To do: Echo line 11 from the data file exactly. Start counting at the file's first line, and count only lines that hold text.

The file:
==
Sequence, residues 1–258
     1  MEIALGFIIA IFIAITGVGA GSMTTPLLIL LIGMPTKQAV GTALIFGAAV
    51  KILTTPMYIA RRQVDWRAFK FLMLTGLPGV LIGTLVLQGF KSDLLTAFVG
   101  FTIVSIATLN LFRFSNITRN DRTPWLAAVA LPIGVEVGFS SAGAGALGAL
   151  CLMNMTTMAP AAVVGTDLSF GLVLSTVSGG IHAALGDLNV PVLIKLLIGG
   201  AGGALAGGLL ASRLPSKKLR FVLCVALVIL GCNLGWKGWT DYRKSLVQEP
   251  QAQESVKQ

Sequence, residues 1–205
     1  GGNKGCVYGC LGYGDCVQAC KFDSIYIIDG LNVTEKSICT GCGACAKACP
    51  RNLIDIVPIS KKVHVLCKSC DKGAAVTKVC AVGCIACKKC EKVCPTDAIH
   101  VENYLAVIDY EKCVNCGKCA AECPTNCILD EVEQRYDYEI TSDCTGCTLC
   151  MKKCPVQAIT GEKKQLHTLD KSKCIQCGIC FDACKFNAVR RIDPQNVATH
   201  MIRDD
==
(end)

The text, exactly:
   101  VENYLAVIDY EKCVNCGKCA AECPTNCILD EVEQRYDYEI TSDCTGCTLC